IAC also plans to invest $21.6 million at its manufacturing facility located in the former Fort McClellan in Anniston. That East Alabama project will create another 63 jobs.

This project builds on a milestone 2014 expansion that doubled the size of the Calhoun County facility. There IAC manufactures automotive interior components and systems. Key components produced at the Anniston plant include door panels, trim systems and instrument panels for original equipment manufacturers.

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IAC Group is a leading global supplier of innovative and sustainable instrument panels, consoles, door panels, overhead systems, bumper fascias and exterior ornamentation for original equipment manufacturers.

IAC is headquartered in Luxembourg and has more than 18,000 employees at 67 locations in 17 countries. The company operates manufacturing facilities in eight U.S. states.

“With operations around the globe, IAC is the kind of high-performance company that we want in Alabama’s auto supply chain to help fuel sustainable growth,” said Alabama Commerce Secretary Greg Canfield. “We look forward to working with IAC and facilitating its future growth in this strategic industrial sector.”

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Danielle Winningham is the executive director of the Tuscaloosa County Industrial Development Authority.

“International Automotive Components is a valued part of Tuscaloosa County’s automotive sector,” Winningham said. “We are grateful for IAC’s investment in our community and the career opportunities available to our area workforce as a result of their investment.”

“The City of Anniston is excited that IAC has made the decision to expand here. I have enjoyed working with the leadership at IAC, the Calhoun County EDC, and the state of Alabama to get this project finalized,” said Anniston Mayor Jack Draper. “This is even further evidence that Anniston is indeed open for business.”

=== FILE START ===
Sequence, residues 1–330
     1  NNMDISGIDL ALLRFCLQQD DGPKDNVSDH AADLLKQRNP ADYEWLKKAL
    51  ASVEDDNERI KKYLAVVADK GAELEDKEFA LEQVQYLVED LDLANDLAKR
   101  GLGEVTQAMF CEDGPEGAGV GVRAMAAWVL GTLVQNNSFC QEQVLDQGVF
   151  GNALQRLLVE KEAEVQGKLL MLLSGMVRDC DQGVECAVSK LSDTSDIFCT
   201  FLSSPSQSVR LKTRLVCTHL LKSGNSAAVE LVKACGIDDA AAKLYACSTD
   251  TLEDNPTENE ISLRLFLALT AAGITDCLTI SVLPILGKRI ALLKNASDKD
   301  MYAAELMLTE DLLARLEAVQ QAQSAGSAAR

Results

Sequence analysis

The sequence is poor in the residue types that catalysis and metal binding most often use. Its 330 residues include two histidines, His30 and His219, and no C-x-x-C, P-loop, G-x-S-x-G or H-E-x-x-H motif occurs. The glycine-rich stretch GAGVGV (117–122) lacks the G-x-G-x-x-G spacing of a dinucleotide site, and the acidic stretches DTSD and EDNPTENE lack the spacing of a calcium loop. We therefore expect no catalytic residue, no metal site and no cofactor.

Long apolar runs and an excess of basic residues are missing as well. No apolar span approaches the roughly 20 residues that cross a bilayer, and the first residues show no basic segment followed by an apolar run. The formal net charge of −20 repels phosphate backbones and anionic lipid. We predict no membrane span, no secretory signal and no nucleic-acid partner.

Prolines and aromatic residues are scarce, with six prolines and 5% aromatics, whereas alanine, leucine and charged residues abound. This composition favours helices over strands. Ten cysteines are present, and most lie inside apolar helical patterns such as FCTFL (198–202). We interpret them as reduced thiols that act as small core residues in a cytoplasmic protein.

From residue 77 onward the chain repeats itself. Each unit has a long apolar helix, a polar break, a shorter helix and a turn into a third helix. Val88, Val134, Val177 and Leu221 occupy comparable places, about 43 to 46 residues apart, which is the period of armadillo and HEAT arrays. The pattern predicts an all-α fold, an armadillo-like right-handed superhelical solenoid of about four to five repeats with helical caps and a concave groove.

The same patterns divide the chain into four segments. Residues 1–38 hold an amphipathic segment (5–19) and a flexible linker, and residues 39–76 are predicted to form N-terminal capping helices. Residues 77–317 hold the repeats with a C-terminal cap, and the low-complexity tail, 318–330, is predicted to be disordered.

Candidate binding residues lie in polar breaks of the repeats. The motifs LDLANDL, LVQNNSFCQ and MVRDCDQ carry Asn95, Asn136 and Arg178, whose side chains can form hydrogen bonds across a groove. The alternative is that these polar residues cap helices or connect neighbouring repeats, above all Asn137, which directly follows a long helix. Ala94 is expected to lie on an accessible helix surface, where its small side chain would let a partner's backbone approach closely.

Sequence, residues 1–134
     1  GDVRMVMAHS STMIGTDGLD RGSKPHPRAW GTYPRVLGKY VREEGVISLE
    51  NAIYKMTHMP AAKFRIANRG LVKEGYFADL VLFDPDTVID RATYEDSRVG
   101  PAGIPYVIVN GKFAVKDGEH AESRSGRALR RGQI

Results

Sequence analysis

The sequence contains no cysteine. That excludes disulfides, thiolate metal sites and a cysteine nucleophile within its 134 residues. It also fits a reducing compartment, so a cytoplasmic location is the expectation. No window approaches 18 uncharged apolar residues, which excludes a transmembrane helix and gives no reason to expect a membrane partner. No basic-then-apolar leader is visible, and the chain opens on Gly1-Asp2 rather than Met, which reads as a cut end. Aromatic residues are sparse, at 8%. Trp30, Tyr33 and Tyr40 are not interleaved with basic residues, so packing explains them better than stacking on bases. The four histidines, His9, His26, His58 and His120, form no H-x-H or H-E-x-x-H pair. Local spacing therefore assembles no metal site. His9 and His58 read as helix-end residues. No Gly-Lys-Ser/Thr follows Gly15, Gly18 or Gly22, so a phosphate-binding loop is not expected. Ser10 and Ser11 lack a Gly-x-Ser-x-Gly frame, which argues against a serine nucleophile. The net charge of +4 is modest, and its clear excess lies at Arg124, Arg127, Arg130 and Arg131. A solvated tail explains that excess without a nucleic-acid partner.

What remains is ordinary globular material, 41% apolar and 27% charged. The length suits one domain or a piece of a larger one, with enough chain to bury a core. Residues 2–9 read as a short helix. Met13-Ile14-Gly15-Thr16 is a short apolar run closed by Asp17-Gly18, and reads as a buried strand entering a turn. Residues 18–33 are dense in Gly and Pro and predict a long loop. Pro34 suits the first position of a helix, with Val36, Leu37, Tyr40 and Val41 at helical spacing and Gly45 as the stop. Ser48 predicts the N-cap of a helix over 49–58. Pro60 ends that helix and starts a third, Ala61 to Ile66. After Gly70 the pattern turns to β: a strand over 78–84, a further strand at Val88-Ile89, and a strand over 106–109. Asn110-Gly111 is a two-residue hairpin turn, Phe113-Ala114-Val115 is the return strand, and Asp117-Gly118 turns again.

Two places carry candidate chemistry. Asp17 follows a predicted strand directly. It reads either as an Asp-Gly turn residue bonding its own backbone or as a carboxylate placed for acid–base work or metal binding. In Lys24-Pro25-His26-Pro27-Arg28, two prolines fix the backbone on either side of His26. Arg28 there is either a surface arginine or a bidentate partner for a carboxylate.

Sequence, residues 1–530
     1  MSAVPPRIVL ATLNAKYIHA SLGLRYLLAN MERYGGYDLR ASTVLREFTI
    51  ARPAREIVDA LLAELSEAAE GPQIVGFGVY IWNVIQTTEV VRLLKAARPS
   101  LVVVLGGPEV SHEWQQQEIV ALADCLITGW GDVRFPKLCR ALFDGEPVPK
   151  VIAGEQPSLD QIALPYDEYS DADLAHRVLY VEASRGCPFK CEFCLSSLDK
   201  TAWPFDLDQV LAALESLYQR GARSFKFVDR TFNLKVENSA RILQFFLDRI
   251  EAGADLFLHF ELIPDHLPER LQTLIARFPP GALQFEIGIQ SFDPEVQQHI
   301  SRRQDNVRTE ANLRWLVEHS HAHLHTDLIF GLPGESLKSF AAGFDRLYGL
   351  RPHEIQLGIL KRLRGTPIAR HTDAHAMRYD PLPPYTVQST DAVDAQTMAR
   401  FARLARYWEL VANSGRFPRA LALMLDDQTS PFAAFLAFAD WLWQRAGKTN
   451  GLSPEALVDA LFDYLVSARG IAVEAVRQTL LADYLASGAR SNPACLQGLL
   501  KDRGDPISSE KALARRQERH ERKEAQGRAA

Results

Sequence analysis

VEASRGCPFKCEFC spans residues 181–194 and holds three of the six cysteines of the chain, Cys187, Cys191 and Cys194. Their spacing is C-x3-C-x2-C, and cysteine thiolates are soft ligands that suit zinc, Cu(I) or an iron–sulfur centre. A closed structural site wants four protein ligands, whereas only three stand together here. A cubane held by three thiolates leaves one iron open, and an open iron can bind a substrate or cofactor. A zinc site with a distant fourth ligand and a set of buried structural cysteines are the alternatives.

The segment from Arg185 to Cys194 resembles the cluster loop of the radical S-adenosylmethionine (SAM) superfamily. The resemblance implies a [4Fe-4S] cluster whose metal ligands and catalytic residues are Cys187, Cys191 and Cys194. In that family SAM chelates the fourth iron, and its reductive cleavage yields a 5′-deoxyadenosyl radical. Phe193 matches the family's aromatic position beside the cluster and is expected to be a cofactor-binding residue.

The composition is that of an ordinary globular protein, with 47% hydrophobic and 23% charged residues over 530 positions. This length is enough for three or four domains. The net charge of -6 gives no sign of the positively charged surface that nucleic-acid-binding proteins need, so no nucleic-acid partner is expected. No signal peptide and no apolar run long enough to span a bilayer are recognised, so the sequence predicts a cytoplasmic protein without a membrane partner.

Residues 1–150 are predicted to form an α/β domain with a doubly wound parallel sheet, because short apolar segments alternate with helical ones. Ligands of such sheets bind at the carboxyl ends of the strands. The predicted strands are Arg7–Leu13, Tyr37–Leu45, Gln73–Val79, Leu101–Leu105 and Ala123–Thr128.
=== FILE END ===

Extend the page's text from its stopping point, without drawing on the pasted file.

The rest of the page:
Only Michigan has more automobile manufacturing jobs than the state of Alabama. Honda, Mercedes, Hyundai, Polaris, Toyota and soon Mazda all have major automobile assembly plants in the state of Alabama.

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National

AUM poll suggests Alabamians divided on prison reform proposals

90 percent of Alabamians favor some type of reform to the state’s prison systems, but there is little agreement on what efforts should be pursued.

Brandon Moseley

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Last week, a poll by Auburn University at Montgomery’s Department of Political Science and Public Administration found that approximately 90 percent of Alabamians favor some type of reform to the state’s prison systems, but there is little agreement on which reform efforts should be pursued.

  • 36.6 percent: “Reduce or eliminate criminal sentences for non-violent crimes.”
  • 30.3 percent: “Parole inmates convicted of non-violent crimes.”
  • 25.9 percent: “Increase funding to improve existing prison facilities.”
  • 21.4 percent: “Construct new prisons to be operated by the state.”
  • 14.5 percent: “Contract with private firms to construct new prisons the state would then lease to operate.”
  • 27.5 percent: “Increase funding for prison staff such as correctional officers, healthcare providers, educators, etc.”
  • 15.2 percent: “Increase funding for probation officers.”
  • 9.9 percent: “I support none of these options.”

The totals do not add up to 100 because it was a “select all that apply” poll.

Gov. Kay Ivey’s plan of signing a decades-long lease with private prison contractors was the least popular idea. Repairing the existing prisons 25.9 percent support while constructing new prisons had just 21.4 percent support.

The most popular prison reform measures, according to AUM poll director David Hughes, address prison overcrowding through criminal sentencing reforms.

“Approximately 37 percent of respondents support policies to reduce or eliminate sentences for non-violent offenders, and another 30 percent support paroling inmates convicted of non-violent crimes,” Hughes said.